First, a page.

The 2015 EcoTeach Guide Training included a two-day field trip for the guides to check out a potential new accommodation and tour experience in the Saripiqui area of northeastern Costa Rica. The new accommodation, Sura Farm, is a small family run operation using natural agricultural practices, with tilapia fish ponds, dormitories for overnight groups and much potential for group activities such as planting and picking pineapple, making pineapple juice and catching and learning to cook tilapia as well as understanding the agricultural philosophy of natural versus organic practices.
The evening of our arrival the guides had a briefing session to prepare for the next days boat trip up the Sarapiqui River to follow the route of an infamous conquest in Costa Rican/Nicaraguan history.
In 1855, William Walker, an American soldier of fortune came to Nicaragua to pursue his goal of spreadingslavery to the southern continent. Taking advantage of the internal political turmoil and civil war in the country, he and a small band of other soldiers of fortune (called filibusters) invaded and captured the powerful city of Granada and Walker promptly declared himself President of the country. The US administration under Franklin Pierce recognized his government giving Walker the legitimacy to overturn Nicaragua’s existing anti-slavery laws and make English the official language. The governments of nearby Costa Rica, Guatemala, El Salvador and Honduras, concerned about Yankee imperialism and Walker’s intent to spread his view of Manifest Destiny, joined forces to remove him. The turning point in the battle to oust Walker’s army began on the Sarapiqui River in Costa Rica when Costa Rican troops chased Walker’s army up the river into Nicaragua where the Battle of Rivas occurred ultimately forcing Walker to flee back to the US.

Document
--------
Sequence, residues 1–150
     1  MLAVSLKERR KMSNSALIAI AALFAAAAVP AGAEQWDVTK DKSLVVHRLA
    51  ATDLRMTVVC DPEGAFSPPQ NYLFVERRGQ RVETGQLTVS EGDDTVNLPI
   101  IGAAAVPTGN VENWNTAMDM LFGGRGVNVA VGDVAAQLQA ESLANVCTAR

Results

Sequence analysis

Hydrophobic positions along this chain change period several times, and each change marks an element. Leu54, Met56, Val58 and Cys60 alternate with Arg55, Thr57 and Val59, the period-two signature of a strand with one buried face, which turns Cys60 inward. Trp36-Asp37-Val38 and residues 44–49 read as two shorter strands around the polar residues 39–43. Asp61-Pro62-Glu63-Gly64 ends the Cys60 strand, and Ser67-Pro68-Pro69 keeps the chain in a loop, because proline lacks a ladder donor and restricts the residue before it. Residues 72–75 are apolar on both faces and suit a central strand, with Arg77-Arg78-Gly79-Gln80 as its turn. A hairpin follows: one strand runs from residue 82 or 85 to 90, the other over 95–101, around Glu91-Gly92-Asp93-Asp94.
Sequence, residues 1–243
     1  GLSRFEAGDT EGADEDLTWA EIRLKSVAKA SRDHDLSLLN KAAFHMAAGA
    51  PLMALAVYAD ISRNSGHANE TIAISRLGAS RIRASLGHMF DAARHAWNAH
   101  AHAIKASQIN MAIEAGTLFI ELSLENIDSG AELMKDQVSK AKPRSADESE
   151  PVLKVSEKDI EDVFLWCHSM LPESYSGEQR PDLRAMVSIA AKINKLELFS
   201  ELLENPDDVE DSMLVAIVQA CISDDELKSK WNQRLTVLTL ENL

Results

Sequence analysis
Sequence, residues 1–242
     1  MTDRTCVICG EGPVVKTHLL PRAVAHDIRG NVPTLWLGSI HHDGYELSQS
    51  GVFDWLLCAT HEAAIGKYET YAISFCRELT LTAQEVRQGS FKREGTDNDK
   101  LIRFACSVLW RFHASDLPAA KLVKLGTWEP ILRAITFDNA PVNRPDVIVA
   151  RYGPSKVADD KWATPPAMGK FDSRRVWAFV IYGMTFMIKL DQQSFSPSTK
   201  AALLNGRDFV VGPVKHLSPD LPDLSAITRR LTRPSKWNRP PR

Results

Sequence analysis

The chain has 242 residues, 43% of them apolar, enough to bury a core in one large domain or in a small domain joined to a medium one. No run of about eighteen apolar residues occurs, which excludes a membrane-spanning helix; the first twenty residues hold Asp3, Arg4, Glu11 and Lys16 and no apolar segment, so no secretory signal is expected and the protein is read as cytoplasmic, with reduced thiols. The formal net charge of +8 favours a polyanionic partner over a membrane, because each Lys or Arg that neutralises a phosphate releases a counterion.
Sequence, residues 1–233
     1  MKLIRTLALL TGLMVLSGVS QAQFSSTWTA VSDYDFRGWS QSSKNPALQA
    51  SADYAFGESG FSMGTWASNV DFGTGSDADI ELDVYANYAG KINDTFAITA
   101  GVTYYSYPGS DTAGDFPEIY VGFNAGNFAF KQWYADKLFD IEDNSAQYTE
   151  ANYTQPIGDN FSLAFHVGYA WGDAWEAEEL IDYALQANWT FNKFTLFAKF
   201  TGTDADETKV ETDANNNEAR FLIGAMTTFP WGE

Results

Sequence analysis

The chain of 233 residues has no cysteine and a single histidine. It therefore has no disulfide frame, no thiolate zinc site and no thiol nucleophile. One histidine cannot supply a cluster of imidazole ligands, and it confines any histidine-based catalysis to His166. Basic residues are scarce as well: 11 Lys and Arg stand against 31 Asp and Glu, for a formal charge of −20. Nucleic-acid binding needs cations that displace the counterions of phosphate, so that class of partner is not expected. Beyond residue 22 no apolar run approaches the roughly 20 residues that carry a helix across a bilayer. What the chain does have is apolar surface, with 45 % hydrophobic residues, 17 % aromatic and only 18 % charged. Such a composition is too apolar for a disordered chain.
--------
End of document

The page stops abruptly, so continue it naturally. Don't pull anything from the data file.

The guides were first briefed by one of their colleagues who is from Nicaragua who explained what Nicaragua teaches about that period of his country’s history. It was a passionate and detailed presentation. In Nicarugua it’s a major event in their history taught in schools. The battles are celebrated as holidays and Walker is referred to as an invader and a dictator. My role was to explain the U.S. version of the events since many of the tour groups who use the eco-tour company are U.S. school groups. I was a high school history teacher and had never heard of William Walker. Internet research turned up some details. Apparently, other than Tennessee, where Walker as born (a modest Nashville memorial is erected to him and The Middle Tennessee Journal of Genealogy and History calls him “the Gray-Eyed Man of Destiny” who conquered Nicaragua) his invasion is not part of the history curriculum in U.S. schools.
The following day our group was accompanied up the Saripiqui River by a local historian and retired university professor who showed the guides the battle sites along the river. On our way up river we stopped at the home of a large, extended, economically impoverished family to deliver clothes, food and school supplies the guides had collected for them and later in the day we also delivered school supplies and clothes to the community association to distribute to the local school and needy families.
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